1. Worldwide Collaboration by Satellite and Ground-Based Space Scientists
SuperDARN convection/voltage maps are essential for studies of the impact of space weather at Earth. Space weather researchers rely on SuperDARN data for putting their localized observations in context. SuperDARN radars are extremely reliable, being easily accessible for repairs and upgrades. This reputation has made SuperDARN a favourite tool for space weather scientists.
SuperDARN is one of the most cost-effective yet scientifically productive international research programs ever deployed. A quick search for SuperDARN in the Web of Knowledge database finds over 600 SuperDARN journal articles since 1991. The authors of these papers work in 33 countries. You can see some of SuperDARN Canada’s contribution to this research (more than 150 papers!) on the publications page.
2. Enabling Research by Canadians
Of the over 600 journal articles found in Web of Knowledge, more than 150 of SuperDARN papers have authors who are researchers at Canadian institutions. These include the Universities of Saskatchewan, Calgary, Western Ontario, Alberta, New Brunswick; Natural Resources Canada; the Canadian Space Agency; and the Communications Research Centre Canada.
Why Is SuperDARN An International Effort?
1. The Satellite-Based Economy:
Nearly all international banking, internet, television and communications are done by satellite. The space environment is extremely dangerous for the delicate electronic systems on every satellite. Conditions are particularly threatening during “magnetic storms” when astronauts are required to take shelter in the ISS and transpolar airline flights are diverted to avoid the dangerous radiation from space. SuperDARN is essential to understanding how the solar wind delivers energy and momentum to the Earth and the space around it. Only when the physics behind this space weather interaction is understood can accurate models be developed and can predictions of the hazardous conditions be made, in the same way that scientists can use atmospheric weather conditions to predict the intensity, size and trajectory of hurricanes.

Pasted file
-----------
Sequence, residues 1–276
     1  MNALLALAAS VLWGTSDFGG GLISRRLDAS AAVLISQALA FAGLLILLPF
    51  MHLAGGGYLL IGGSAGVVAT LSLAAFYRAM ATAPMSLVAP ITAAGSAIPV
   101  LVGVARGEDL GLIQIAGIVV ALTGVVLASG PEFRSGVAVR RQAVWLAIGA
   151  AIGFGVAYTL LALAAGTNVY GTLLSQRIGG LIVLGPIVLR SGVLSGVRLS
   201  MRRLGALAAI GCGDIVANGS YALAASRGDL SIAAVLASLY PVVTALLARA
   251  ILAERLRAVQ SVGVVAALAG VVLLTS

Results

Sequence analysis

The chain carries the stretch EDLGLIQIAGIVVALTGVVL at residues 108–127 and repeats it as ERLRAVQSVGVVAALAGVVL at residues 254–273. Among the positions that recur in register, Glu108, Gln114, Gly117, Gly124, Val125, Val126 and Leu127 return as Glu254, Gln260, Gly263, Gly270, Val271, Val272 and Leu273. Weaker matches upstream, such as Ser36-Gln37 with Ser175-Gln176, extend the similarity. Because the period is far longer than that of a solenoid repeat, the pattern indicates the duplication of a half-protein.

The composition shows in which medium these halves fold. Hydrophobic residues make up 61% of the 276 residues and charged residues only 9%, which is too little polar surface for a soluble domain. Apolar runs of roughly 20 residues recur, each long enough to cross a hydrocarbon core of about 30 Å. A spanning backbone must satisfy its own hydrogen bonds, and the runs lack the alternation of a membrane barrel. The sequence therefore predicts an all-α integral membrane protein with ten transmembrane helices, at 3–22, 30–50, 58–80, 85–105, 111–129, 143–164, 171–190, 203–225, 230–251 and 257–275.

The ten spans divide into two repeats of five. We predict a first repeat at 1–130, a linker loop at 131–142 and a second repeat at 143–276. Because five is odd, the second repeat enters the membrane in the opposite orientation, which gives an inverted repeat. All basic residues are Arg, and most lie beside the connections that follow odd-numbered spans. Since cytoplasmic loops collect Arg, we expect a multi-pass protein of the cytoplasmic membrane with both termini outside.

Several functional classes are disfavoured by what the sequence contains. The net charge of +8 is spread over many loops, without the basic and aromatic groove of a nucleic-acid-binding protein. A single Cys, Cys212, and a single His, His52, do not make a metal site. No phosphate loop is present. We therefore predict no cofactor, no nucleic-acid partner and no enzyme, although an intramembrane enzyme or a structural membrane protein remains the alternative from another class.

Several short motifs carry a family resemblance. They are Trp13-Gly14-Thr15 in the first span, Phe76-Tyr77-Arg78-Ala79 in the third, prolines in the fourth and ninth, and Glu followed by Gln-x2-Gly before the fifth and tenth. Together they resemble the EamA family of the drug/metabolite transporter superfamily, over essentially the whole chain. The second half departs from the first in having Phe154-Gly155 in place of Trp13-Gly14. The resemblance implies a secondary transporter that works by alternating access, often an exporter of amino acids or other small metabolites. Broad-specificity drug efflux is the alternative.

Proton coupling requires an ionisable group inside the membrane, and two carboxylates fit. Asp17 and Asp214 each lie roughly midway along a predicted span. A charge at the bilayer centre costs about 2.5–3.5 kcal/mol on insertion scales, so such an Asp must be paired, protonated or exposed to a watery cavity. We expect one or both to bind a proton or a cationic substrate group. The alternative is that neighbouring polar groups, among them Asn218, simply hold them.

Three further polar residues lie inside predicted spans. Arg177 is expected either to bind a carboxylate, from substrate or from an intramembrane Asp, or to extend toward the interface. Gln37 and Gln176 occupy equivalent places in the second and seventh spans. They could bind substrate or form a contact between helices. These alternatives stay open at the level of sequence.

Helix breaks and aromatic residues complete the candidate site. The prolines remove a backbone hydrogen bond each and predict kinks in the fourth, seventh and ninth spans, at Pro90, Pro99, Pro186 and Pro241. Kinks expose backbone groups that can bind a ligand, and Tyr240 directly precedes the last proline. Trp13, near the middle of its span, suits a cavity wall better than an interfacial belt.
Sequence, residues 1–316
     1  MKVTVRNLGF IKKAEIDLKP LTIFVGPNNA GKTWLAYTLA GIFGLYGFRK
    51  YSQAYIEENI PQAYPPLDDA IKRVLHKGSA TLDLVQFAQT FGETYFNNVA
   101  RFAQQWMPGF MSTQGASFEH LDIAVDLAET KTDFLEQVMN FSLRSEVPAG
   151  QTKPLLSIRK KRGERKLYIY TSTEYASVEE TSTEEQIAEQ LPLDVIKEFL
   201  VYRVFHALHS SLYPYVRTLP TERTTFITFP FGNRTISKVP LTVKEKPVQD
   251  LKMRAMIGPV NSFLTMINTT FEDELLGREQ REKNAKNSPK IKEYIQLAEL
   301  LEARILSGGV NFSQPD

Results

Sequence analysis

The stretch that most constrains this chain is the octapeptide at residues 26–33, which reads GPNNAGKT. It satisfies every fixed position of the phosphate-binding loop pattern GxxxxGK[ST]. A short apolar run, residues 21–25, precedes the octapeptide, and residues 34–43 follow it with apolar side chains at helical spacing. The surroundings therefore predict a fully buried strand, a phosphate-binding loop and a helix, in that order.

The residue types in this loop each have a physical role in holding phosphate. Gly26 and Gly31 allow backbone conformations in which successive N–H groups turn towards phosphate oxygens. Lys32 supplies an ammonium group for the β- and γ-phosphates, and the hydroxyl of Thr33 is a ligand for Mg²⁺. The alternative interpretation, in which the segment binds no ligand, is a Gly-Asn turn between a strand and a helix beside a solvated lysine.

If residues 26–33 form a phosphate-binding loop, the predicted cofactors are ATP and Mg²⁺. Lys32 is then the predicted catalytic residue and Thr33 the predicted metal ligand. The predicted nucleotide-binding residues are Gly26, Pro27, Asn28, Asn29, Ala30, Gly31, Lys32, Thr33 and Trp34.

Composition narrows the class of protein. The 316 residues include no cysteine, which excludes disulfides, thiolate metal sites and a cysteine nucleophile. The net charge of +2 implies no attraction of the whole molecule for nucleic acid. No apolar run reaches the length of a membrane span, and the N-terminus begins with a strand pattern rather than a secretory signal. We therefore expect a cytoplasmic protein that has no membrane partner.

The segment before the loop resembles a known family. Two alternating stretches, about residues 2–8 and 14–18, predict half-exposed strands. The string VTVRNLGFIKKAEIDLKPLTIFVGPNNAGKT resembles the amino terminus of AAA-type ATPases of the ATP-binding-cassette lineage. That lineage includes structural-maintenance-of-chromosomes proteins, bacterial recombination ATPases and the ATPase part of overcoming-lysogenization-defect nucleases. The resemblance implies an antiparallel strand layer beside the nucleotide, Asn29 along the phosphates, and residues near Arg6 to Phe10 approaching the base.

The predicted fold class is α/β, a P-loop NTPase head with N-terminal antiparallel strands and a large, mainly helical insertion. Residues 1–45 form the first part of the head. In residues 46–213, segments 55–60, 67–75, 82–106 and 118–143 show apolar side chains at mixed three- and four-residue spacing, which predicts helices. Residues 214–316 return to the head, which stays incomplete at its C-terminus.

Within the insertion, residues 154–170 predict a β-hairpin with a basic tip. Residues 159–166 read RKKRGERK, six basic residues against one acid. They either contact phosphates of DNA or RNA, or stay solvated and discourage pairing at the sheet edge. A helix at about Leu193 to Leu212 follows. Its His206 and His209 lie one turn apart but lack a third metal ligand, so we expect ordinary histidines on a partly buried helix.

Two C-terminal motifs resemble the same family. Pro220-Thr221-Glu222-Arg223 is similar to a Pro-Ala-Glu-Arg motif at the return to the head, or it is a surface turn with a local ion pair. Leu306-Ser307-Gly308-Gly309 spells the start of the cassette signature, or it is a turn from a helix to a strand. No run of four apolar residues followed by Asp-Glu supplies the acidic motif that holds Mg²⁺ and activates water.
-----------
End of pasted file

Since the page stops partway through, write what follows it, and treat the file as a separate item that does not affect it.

International scientific satellites in the Earth’s ionosphere and magnetosphere require SuperDARN’s global voltage maps to put their highly localized data in context. The global investment in all the infrastructure of the entire global SuperDARN radar network is only \(16 million, as compared to roughly \)200 million for a single satellite.
2. Space Weather Research: A Global Effort for Astronomy at the Closest Scale:
The science of the interaction between the Sun and Earth is astronomy at the closest scale—the study of space that we can touch. SuperDARN is a key contributor to the science of space weather.
Space weather research is at a very early stage—where atmospheric weather forecasting research was more than half a century ago. The system is complex, and the laboratory is the size of the entire solar system. This necessitates open international collaborations, and SuperDARN is the best instrument to make measurements of the ionospheric plasma drift on a global scale.